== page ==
Whatever you may think of Donald Trump, the fact is that he is going to president. He won more electoral college votes than Hillary, which I guess means that the majority of American technically wanted this. This is my first election I’ve ever voted in and it honestly makes me never want to vote again. My friends and I spent the night alternately crying, shouting, pacing, and staring at disbelief at CNN. When I woke up, and saw that Obama had formally congratulated Trump on his “victory,” I started to cry again. My feelings were echoed by my teachers and almost every student in my classes. Red eyes and long silences abounded.
I don’t understand why a country like ours has repudiated its values in such an extreme manner. We’re so smug, so superior with our knight in shining armor American philosophy, yet our actions show that it’s nothing more than a facade. We claim to be progressive, a country of immigrants, of inclusion, of liberty and choice. We claim to value equality. Yet last night, 49 percent of the American electorate voted for a man who gleefully rejects all of those values. We rejected a supposedly “crooked” politician for a man who is literally embroiled in civil and criminal lawsuits. And in doing so, we showed the world that America may say that it cares about the rights of minorities, the dignity of women, and freedom of religion, but those words are worthless. As a women, I’m ashamed, but I’m also immensely hurt. I see how half the country views me. I, and every women like me, am nothing more than an object to be groped, to be shamed, to be insulted, and eventually, to be thrown away. The fact that 42 percent of American women, 42 PERCENT, voted for a man who views them as trash, is incomprehensible. It makes me sick.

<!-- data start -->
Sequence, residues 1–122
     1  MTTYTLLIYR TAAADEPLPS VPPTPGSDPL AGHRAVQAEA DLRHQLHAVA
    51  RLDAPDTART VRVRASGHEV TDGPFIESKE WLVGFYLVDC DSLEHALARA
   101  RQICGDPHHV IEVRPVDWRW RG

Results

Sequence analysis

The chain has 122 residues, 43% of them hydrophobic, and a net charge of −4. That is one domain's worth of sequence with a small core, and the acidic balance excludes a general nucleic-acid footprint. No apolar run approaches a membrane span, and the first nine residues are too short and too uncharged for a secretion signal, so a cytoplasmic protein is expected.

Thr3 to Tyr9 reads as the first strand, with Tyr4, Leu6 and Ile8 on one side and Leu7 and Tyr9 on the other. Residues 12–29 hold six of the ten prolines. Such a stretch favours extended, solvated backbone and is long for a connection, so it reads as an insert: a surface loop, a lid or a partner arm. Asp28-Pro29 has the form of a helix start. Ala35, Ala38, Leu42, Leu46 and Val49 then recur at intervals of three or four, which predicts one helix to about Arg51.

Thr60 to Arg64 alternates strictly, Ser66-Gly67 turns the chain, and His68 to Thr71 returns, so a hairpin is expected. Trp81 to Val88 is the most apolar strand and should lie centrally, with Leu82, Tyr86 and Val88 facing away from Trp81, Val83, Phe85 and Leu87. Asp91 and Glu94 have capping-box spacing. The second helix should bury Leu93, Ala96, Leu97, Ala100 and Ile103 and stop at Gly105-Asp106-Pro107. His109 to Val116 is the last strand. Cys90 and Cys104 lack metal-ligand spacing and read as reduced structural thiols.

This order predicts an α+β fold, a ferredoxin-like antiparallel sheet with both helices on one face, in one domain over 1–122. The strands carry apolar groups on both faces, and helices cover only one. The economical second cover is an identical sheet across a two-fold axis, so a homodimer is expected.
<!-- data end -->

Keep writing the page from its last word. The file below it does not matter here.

I know that there are many people in America who voted for Trump because they were in pain, and he was the only one who was “listening.” I understand that, I empathize, and it’s clear that the result of this election shows a systemic problem in the way that political parties reach out to the impoverished and disillusioned white men in our country. But may I just say that for those other Trump supporters, the ones who voted merely because they would rather have Trump in the White House than Hillary, you should be ashamed. You may not agree with Trump’s beliefs, but you condone them nonetheless. If anything, that’s worse.
I guess the worst part of it is the embarrassment. I’m embarrassed for Clinton, who had to concede in a humiliating fashion to a man who didn’t deserve to be on the same stage as her, let alone beat her in the presidential election. I’m embarrassed for Obama, who had to congratulate Trump, even though everything Obama has said thus far in the campaign has displayed his belief in the former’s idiocy. I’m embarrassed for Romney, for Bush, for every Republican who justly opposed him and now has to reconcile. Most of all, I’m embarrassed for other countries and the fact that they have to embrace a president like Trump for the sake of alliances.